After the sudden death of fight promoter Ronald Butch Lewis, age 65, in or near his Wilmington, Delaware, estate, reminisces about the colorful handler of Michael Spinks and other fighters are pouring in, among them:
SEE HBO PREFIGHT, POSTFIGHT SPECIALS ON LANDMARK SPINS-TYSON BATTLE
(Bob Arum made a young hustler from Philadelphia named Ronald Butch Lewis a vice president at Top Rank, handling such boxers as brothers Leon and Michael Spinks at Top Rank after their gold medal victories in the 1976 Montral Olympic Games.)
“It’s a shocker that Butch just died,” the 79 year old Arum told me by phone Saturday afternoon from his vacation villa in the South of France. “What I remember most about Butch is how irrepressible he was.
“Butch really was quite a character, even by boxing standards. He would never give up on making a deal. We worked together getting the investors who backed the Leon Spinks-Muhammad Ali 1978 rematch in the Superdome in New Orleans.
“We brought in 78,000 fans into the dome, Ali won to become a three time world heavyweight champion and it was just a great night for boxing.
“Butch was this super kind of salesman. We first met up in Manila, 1975, when he was with Joe Frazier’s team in the Phillipines.”
“By now, it’s a tired cliche but Butch worked hard from the streets to the suites. Butch was flexible and versatile in the boxing and music industries. I went to see the James Brown fresh out of jail comeback concert in LA and I remember Butch telling me how everybody, including the legendary singer’s wife, had to call him Mr. Brown at all times. Btw, JB tore it up and even did the Camel Walk at age 65ish, lol.
“Butch could sell surfboards in landlocked Iowa or deep freezers near the North Pole. He bad a gift of gab and a great sense of humor yet he fought for every penny for himself and his fighters.
“Loved by few, hated by many, respected by all. That comes to mind although Butch had sa tendency to even win over his so-called enemies over time. How many guys could be a close pal to Smokin’ Joe Frazier and to archrival Muhammad Ali at the same time?
“I’ll never forget Don King telling me and fellow scribes Dave Raffo, Wally Matthews and a few others one day in New York about “the new science called Butchology, an amazing new science.”
We asked King to delineate this and he said, “That’s when you take the motherbleeper ewho go no belts (Michael Spinks) and make a fight against the guy who got all three belts (Tyson, then not with King but still with Jim Jacobs and Bill Cayton) and the guy with no belts is getting $13.5 millions. They’re studying Butchology at Harvard, at MIT. It’s a science.”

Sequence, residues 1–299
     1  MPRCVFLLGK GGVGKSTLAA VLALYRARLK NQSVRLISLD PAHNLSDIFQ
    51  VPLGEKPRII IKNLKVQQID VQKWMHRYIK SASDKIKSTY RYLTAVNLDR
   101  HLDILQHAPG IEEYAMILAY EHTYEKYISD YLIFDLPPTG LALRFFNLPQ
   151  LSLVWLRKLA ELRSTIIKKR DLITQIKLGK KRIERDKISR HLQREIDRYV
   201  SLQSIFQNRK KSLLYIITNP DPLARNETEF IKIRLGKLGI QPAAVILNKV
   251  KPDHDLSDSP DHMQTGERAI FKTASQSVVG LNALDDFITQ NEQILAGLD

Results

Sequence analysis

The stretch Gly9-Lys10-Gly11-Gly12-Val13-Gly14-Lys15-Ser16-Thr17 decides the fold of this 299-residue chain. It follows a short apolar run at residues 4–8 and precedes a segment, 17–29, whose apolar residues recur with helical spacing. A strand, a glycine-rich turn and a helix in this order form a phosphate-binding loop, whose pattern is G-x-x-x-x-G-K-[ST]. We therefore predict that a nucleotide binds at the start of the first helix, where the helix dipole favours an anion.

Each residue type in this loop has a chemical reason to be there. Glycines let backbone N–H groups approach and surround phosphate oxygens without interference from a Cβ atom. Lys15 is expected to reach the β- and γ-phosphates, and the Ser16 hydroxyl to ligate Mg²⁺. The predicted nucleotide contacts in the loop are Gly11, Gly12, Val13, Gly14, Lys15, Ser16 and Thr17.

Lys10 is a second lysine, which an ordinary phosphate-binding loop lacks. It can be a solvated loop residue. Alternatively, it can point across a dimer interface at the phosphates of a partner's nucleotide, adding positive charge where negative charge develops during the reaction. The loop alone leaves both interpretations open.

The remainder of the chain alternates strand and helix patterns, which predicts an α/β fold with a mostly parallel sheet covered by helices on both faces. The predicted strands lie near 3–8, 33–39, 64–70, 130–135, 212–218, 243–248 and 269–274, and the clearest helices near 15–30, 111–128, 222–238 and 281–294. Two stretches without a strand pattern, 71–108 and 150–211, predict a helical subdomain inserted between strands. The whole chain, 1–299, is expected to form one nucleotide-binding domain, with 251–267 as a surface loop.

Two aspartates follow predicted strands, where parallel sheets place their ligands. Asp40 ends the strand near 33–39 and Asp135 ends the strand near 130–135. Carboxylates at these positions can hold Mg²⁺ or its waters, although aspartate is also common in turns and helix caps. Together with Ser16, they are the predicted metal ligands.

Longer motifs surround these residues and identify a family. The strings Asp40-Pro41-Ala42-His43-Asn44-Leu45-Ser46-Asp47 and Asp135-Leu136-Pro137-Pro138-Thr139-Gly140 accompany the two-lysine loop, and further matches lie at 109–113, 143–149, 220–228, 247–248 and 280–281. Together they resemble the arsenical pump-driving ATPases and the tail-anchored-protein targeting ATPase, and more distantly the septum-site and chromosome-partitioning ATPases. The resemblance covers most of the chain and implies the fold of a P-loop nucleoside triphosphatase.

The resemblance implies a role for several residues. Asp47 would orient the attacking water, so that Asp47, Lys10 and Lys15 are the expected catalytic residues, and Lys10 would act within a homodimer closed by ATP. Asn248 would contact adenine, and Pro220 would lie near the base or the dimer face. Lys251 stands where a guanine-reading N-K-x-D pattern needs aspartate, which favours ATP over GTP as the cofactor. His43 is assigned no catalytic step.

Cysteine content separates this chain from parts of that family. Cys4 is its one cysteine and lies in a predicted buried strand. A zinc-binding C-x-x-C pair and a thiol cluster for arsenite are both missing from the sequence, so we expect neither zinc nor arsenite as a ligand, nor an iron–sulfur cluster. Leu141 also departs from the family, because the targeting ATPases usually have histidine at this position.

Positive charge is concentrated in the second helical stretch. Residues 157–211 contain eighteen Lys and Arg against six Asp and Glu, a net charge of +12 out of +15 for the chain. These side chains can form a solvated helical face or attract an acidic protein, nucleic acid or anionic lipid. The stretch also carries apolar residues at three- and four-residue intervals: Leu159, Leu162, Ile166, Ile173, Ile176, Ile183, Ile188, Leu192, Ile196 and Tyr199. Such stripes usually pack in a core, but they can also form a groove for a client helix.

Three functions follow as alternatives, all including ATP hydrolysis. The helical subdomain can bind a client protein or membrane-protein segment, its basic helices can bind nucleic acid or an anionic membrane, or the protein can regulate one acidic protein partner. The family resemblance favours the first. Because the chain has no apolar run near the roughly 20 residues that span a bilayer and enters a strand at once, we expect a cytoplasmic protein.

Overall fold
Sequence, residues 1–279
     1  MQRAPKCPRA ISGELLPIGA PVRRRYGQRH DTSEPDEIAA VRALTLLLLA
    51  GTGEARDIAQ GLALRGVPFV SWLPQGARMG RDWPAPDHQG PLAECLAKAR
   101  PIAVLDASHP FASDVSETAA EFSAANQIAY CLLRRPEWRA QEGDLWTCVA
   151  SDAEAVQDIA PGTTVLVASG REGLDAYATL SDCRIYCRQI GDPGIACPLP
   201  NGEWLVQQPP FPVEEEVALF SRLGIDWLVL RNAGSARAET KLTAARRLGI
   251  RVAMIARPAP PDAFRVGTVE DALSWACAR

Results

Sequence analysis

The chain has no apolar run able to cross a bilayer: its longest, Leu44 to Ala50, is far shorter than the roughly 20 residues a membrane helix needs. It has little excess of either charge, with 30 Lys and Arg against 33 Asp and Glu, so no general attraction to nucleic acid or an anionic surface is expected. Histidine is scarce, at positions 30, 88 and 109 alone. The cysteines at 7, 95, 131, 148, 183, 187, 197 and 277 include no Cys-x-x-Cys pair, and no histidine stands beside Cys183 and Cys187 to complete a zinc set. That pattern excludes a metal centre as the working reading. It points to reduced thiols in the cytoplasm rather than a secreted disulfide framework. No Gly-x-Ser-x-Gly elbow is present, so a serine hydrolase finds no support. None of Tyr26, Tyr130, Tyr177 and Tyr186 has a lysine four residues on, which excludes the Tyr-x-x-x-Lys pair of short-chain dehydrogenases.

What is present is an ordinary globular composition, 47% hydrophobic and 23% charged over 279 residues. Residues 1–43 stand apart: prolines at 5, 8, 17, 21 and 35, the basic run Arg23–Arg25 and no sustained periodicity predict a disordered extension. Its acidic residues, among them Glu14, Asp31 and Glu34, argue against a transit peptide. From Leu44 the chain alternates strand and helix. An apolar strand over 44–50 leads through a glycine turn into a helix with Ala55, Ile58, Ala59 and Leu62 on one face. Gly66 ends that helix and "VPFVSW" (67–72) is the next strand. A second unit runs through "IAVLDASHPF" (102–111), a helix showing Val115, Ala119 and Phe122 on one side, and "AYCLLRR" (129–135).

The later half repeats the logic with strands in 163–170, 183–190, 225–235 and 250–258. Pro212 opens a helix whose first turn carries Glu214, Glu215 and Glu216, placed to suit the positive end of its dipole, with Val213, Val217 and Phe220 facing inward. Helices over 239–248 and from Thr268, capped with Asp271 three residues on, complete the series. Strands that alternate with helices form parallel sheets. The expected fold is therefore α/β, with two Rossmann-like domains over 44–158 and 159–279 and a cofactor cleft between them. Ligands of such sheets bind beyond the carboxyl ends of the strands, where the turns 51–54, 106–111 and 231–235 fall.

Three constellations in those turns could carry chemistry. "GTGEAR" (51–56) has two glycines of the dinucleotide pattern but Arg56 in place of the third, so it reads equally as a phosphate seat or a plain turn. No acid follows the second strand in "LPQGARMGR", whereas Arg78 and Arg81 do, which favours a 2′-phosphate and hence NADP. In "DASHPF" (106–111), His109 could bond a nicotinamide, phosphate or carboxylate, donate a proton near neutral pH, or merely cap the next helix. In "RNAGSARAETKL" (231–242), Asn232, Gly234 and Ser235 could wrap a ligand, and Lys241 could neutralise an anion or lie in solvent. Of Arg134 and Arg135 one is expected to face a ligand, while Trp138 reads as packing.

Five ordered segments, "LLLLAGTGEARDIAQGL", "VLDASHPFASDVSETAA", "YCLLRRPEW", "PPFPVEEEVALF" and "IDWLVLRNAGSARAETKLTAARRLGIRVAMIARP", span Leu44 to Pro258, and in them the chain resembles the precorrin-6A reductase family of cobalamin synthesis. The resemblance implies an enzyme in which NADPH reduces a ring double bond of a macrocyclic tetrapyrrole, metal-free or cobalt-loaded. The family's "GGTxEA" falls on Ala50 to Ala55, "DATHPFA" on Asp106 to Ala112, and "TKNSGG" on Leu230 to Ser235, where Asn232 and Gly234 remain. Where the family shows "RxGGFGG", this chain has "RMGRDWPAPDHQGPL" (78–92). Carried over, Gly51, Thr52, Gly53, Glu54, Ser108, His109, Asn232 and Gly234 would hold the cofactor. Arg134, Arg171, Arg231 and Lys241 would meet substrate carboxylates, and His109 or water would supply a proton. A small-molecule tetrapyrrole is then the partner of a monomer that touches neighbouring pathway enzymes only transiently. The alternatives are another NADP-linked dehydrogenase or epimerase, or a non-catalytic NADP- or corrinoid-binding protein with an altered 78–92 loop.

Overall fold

That was King’s way of knocking Team Tyson and obliquely praising the younger Lewis.
You know DK had to see his younger hustling self when he looked at the never stopped working Lewis.
I bet Lewis is schmoozing with Counselor Milton Chwasky right now.
“Really one of the last of the Old School boxing guys for sure. I really liked Butch, I liked his personality.
Butc…he’d see you somewhere, he would say, ‘What’s happening, my man?’
“When it came to money issues, Butch got intense.
“I can still hear Butch yelling, ‘We ain’t playing with no Monopoly money, Jack, you are playing with my money!’
“He may have been a 50-50 partner with Michael Spinks but, so what, because he brought Spinks to multimillionaire status, including the genius of the $13.5 million purse to fight Tyson for a fight that lasted a minute and a half.
“Butch had a similar deal with Bernard Hopkins. But Butch took Hopkins on when he was 0-1 or 3-1 as a pro, something like that. Butch put Bernard on other people’s shows. Butch paid Bernard and he paid for the opponents. That is how he built Bernard’s career.
“So they got to the Roy Jones fight and the deal was for $1 million. So Butch took half, gave Bernard half, when I am sure Butch had already spent more than a half million building Bernard up. So Bernard sued Butch and Bernard won in court.
“Butch had a versatile talent. He became a VP with his buddy, Robert Johnson, when Johnson owned the BET cable network. Butch promoted singers and things like that also. He had other fighters also.
“Butch is going to be missed.”
MATT HOUSECAT STOLOW, DALLAS BOXING EXAMINER/BOXING/MMA PRESS AGENT
“I only met Butch once on the Dallas and Houston legs of the Gerry Cooney-Michael Spinks press tours which I helped set up.
“I figured him to be, from all reports, a larger than life whirlwind and he was all that and a bag of pork rinds. Butch did not walk into a room, he blew into a room like a one man hurricane. He was rambunctious, totally over the top and a lot of fun to be around.
LOU DIBELLA, FORMER HBO BOXING BOSS TURNED PROMOTER
“During my tumultuous term with Bernard Hopkins, he said a lot of awful things about how his former promoter, who was Butch, and how Butch treated him. Not knowing any better, I kind of co-signed and repeat what Bernard said.
“As my relationship with Bernard soured, I realized Butch was not so awful. I called Butch up and I personally apologized to him for anything that I said. I admitted that I was wrong and Butch seemed to accept my apology.
“I am glad now I called him. I am glad I strtaightened that out. Last place I saw Butch was with Michael Spinks at (lawyer) Milt Chwasky’s memorial service.
“Butch was a great promoter and a colorful, colorful figure.”